jack, the point main in the white house for this. he is now kevin mccarthy's political director. even within mccarthy's current staff it is not only mccarthy who is complicit and has to testify, he has other people on his staff who have direct material evidence that's relevant to the january 6th committee. i think that also plays into his calculation on what to do because it will impact what those who work for him do. >> that's a remarkable 2k5i8. i don't know where the coup plotters went with the -- sort the monster.com coup plotters. i'm free. it didn't work out. hire me. but jamie raskin made clear on this program that the third ring they are investigating is the actual plot to everyturn the votes that day. that includes the eastman memo, that includes everyone who was involved in trying to turn the electors to vote in the a way that didn't line up with the votes in their states. and i wonder if you can speak to whether the efforts after
january 6th -- whether the sort of machinations and conversations with the people who plotted the coup, people involved with jeffrey clark, people bringing eastman into the west wing, whether those folks are being examined by the 1/6 committee. >> oh, yes, definitely. i mean this -- the plot to overturn the election in congress is the very reason for the mob's existence. right? >> right. >> if there is not a plan to target january 6th, if the trump efforts to challenge the election ended in the courts, we wouldn't have had a rally, we wouldn't have had a mob. right? so if they had said, you know what, the courts ruled, will it's stop there, we lost, we tried 60 times. we failed 60 times. good game, congratulations president biden, there would have been no rally and no crowd. but because they decided they were going to embrace these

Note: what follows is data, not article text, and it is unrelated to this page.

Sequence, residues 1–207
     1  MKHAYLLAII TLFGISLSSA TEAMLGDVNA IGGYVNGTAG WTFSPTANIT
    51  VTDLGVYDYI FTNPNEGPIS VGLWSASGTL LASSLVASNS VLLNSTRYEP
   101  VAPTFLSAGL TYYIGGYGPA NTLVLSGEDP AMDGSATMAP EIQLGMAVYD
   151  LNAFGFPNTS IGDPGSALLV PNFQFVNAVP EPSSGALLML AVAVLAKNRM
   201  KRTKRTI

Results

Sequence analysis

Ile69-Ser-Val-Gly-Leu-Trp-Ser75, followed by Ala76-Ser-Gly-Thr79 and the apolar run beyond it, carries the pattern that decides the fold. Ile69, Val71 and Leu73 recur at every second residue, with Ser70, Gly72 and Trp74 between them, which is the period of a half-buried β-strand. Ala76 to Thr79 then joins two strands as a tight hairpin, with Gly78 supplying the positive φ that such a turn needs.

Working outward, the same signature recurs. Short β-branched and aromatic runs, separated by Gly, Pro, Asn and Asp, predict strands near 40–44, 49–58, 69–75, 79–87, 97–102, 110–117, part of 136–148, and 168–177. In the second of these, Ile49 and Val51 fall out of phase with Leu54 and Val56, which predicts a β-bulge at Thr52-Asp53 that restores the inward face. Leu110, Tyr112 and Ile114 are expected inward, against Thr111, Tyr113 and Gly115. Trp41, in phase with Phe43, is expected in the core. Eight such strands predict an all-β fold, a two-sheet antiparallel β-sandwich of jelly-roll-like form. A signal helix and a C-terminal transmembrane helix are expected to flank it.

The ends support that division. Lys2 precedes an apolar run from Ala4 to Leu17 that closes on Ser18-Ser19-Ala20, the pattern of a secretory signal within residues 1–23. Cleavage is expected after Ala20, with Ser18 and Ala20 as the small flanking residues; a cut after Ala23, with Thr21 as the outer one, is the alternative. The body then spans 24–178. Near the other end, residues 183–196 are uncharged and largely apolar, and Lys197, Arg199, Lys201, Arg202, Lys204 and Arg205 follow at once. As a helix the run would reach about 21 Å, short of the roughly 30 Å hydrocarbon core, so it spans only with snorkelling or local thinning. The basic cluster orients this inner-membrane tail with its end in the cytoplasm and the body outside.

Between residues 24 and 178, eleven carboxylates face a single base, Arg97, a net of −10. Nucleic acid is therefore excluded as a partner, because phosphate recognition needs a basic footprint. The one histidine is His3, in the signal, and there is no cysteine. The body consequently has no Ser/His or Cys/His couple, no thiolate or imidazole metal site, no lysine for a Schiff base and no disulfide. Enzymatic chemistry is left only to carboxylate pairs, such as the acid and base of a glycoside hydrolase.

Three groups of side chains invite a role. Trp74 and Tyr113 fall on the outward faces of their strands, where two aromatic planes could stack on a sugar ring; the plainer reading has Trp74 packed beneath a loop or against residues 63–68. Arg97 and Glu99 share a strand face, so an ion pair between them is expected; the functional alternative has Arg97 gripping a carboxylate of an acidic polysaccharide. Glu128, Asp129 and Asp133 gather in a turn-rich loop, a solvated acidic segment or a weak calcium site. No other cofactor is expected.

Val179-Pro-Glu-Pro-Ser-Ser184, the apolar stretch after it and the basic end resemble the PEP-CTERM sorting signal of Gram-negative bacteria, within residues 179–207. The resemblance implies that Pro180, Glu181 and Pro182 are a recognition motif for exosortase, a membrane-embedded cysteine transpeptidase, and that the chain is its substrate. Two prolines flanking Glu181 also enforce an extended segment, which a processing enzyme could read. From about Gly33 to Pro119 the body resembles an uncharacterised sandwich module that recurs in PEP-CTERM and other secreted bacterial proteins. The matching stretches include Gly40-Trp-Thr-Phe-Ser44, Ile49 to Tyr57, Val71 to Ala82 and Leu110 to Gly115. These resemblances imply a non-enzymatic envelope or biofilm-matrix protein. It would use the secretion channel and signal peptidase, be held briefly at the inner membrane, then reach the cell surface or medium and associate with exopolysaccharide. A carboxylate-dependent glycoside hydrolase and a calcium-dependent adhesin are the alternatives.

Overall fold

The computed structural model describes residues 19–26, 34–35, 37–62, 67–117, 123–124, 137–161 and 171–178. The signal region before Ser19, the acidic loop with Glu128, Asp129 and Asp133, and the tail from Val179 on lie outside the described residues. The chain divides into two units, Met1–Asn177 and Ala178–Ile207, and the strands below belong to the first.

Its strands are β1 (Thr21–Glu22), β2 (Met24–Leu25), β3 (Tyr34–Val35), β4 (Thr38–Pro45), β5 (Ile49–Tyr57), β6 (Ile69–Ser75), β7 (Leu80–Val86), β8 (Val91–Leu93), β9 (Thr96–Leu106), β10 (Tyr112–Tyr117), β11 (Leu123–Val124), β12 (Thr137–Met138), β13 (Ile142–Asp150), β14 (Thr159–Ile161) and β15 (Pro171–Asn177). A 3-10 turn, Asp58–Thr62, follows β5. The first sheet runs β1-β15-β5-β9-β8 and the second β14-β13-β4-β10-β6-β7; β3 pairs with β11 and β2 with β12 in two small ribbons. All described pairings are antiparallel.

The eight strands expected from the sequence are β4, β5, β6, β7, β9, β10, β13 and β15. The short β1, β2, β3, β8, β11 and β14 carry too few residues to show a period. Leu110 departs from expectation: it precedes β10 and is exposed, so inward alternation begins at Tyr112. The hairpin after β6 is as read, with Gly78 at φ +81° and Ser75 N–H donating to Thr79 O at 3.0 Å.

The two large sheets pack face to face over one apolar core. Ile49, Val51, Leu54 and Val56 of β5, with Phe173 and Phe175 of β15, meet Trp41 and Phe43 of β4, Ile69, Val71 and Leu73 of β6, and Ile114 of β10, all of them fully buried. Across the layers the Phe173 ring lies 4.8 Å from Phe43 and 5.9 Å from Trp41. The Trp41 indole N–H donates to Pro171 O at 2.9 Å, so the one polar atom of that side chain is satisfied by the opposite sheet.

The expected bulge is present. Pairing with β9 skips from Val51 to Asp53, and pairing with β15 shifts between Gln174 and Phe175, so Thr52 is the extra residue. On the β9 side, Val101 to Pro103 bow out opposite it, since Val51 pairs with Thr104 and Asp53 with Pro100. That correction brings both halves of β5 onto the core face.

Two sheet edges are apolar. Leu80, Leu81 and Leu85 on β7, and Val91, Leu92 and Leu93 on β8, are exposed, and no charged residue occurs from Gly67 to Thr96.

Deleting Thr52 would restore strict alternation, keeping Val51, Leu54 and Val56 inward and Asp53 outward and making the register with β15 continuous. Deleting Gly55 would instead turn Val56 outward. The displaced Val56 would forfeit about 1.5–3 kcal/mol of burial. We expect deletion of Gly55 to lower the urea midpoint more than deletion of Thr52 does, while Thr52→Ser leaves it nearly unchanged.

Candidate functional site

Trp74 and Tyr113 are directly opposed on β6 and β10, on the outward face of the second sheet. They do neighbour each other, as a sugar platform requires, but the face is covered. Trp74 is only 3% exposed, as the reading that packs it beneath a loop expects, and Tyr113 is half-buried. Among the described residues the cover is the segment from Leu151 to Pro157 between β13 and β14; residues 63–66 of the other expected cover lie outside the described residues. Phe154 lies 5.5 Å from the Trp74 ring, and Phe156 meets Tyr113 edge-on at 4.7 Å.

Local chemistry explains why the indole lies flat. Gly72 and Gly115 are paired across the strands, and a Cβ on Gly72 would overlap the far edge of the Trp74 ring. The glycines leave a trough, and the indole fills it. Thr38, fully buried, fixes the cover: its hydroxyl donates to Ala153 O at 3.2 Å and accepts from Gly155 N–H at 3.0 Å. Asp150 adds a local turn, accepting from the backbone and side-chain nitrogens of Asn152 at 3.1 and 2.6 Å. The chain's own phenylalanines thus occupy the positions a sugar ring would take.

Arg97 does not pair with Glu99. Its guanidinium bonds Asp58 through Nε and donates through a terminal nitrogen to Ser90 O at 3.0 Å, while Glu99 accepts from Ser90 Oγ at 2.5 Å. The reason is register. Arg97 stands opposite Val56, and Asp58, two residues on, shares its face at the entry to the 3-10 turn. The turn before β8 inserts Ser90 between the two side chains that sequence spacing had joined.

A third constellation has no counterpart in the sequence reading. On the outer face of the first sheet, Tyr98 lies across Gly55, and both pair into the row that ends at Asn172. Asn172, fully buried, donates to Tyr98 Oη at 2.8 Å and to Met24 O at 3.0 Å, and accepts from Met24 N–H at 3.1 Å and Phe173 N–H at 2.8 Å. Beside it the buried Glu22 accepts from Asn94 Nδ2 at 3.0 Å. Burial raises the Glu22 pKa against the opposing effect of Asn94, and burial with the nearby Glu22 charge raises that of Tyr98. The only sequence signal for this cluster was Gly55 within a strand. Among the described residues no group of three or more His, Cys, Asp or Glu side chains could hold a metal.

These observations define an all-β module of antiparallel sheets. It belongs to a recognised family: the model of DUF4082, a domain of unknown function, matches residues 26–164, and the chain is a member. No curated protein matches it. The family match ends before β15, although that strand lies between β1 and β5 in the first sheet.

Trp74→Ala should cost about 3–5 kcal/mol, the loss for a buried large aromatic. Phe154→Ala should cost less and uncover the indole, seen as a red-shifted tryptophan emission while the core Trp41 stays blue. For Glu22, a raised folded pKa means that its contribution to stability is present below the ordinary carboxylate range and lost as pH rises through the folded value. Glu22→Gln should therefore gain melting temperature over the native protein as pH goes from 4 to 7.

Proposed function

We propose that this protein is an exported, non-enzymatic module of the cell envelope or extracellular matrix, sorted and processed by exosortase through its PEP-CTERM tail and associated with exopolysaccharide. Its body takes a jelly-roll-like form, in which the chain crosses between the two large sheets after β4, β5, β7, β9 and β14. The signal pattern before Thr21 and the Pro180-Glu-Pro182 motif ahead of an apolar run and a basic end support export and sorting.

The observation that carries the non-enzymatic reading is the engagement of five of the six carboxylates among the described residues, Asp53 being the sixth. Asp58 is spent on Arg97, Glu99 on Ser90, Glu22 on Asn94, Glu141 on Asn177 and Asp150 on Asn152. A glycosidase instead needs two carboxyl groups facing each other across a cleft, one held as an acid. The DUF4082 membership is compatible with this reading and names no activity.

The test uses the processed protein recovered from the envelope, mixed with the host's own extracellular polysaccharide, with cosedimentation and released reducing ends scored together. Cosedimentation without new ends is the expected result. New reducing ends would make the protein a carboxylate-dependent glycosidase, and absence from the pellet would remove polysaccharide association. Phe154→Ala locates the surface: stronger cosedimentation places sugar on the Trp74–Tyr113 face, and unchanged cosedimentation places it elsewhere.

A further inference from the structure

legal theories where mike pence could throw out votes and republican congressmen could install trump instead of biden through a misreading of the electoral count act, and because so many people didn't want to do it -- mike pence didn't want to do it, the -- many of the republican senators didn't want to go along with that, they thought, well, we could have this crowd at the ellipse, and it can march down to the capitol, and it can put pressure on the republican members of congress. and they will see their voters out there demanding they side with trump instead of with the voters, the will of the people. so that's the whole reason for the rally, then, of course, the question s when does that turn violent? and who is -- who is to blame for that? yes, they as part of the same investigation, just different avenues. >> frank i went back and looked at how the 9/11 commission